You read it right, folks. Killer NIC maker Bigfoot Networks is rolling out a line of wireless cards! Announced today, the Killer Wireless-N series is a half-size mini-PCIe 802.11/a/b/g/n wireless adapter suitable for replacing existing cards or being installed by an OEM.
The Killer Wireless-N series leverages the Killer technology in a new form, Killer Wireless. This combines accelerated wireless with the standard Killer features Advanced Stream Detect (essentially QoS for games, video, and audio), Visual Bandwidth Control (manual adjustment of bandwidth allocations), and PC Monitor (standard health monitoring baked into the Killer software). The result is a claimed up to 500% increase in speed of accelerated communications from games, VoIP software, video playback, and more.
At release, there are two models available: the 1103 and 1102. The former is a 3-stream MIMO 450 Mbps version, the latter 2-stream MIMO 300 Mbps.
Killer NIC maker Bigfoot Networks is having a really, really big week at CES 2011. The Austin, TX company announced January 5 a big deal with Gigabyte for a new line of gamer-oriented motherboards with embedded Killer E2100 NIC. It announced today, January 7, a similar deal with ASUS.
VisionTek and Bigfoot Networks announced today the launch of the VisionTek Killer HD 5770, a video card and network card combination mashup, accelerating both graphics and network communications in one device.
The device combines into a single x16 PCI-E expansion card an AMD Radeon HD 5770 GPU and Bigfoot Networks’ Killer E2100 network processing unit (NPU). It occupies only one PCI-E slot and two expansion slots, reducing the amount of space needed inside a case to benefit from both technologies when used separately. The Crossfire-ready Radeon HD 5770 provides two multidisplay-capable DVI ports, one HDMI port (with 7.1 audio!), while the Killer E2100 provides a single RJ45 gigabit Ethernet jack for connecting to the network.
Bigfoot Networks originally released the Killer NIC M1 and K1 models in 2006, with the suped-up network cards getting some major attention in 2007. Mid-2009, Bigfoot Networks released the Killer Xeno Pro, a slimmed down version of the first generation models, both in size and extra features. It didn’t stop there, though. Bigfoot Network released May 11, 2010 the Killer 2100 Gaming Network Card. This new version focuses on the core features at the heart of the idea of a network processing unit: offloading and acceleration. ThinkComputers measures up the Killer 2100 in this extensive review. Read on for more information, pictures, and benchmarks.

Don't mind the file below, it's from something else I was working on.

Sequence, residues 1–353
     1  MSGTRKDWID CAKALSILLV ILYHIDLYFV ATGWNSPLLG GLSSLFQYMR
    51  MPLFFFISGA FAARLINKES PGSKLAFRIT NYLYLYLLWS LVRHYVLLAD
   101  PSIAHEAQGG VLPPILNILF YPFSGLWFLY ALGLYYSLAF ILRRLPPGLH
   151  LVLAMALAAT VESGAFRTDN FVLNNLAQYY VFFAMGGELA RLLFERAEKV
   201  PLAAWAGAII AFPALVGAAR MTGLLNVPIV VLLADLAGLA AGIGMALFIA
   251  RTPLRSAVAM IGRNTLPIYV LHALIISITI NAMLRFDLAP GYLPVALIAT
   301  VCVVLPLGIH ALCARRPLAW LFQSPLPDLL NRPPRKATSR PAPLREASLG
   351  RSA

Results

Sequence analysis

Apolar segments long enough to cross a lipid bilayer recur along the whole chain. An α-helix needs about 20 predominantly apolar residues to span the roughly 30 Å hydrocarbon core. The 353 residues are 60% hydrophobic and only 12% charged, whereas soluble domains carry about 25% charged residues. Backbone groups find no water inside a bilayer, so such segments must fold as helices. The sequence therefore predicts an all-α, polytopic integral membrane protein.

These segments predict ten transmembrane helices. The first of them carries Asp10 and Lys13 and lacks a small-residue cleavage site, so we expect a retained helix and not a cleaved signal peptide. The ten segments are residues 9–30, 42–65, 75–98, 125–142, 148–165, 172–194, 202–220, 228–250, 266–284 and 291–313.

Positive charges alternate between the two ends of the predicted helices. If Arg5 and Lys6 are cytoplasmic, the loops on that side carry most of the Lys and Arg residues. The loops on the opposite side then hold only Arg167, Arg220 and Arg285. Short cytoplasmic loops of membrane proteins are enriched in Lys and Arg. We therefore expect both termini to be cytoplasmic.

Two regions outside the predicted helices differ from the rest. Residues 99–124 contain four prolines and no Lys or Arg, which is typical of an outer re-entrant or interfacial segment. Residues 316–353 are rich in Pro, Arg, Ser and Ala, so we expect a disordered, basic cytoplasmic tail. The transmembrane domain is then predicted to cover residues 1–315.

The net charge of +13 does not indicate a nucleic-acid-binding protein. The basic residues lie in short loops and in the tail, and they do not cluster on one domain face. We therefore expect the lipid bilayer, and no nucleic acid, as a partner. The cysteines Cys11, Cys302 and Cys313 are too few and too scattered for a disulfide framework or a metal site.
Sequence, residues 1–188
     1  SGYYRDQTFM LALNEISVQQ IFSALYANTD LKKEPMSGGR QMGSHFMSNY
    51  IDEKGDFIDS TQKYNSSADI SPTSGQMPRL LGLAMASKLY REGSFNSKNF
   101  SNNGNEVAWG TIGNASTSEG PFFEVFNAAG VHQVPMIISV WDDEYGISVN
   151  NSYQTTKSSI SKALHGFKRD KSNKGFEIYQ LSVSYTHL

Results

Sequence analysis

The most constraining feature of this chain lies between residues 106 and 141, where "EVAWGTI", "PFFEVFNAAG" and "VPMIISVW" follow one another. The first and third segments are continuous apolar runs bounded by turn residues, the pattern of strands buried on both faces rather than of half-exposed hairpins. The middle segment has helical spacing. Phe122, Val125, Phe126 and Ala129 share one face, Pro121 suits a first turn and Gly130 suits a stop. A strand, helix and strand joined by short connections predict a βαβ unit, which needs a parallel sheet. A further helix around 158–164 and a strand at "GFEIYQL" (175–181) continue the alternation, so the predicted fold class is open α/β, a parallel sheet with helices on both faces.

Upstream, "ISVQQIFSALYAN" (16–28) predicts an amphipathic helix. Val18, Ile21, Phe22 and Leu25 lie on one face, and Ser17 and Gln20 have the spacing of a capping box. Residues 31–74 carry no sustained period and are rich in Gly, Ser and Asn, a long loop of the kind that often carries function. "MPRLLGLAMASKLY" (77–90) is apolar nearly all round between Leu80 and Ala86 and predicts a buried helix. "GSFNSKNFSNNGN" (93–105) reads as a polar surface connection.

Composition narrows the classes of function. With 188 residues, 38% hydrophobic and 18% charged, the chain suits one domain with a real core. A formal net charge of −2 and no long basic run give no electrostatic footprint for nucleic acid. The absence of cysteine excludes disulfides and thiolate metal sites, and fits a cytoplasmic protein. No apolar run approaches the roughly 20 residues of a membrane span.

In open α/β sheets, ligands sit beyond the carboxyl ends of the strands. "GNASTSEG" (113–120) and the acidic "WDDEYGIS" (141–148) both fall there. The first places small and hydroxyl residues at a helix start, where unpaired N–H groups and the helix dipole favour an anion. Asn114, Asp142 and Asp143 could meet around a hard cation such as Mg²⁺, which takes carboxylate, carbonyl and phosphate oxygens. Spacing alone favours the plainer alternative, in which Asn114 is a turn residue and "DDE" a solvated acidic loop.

REDWOOD CITY, CALIF. — MAY 11, 2010 – Bigfoot Networks, the networking technology company behind the Killer™ line of gaming networks cards, today announced Killer™ 2100, its next-generation network interface card (NIC) for online gaming. Killer 2100 combines elements of speed, intelligence and control demanded by gamers with major throughput and latency enhancements and an innovative and easy-to-use software interface. Killer 2100 epitomizes blazing speed and maximum performance as the fastest Gigabit NIC on the planet for gamers.
During CES 2010, I met with John Drewry, Killer NIC maker Bigfoot Networks‘ vice president of marketing. For those unfamiliar with the Killer NIC and its noble purpose, an perhaps lengthy introduction and explanation is due. The Killer NIC provides increased performance for online gaming via a network interface card (NIC) onto which Windows can offload network communications. In layman’s terms, it’s to networking what a video card is for graphics: the CPU in a system could handle the graphics or network communications, but a specialized processor can do it much faster. Whereas a video is often called a graphics processing unit (GPU), the Killer NIC can be called an NPU, a network processing unit.
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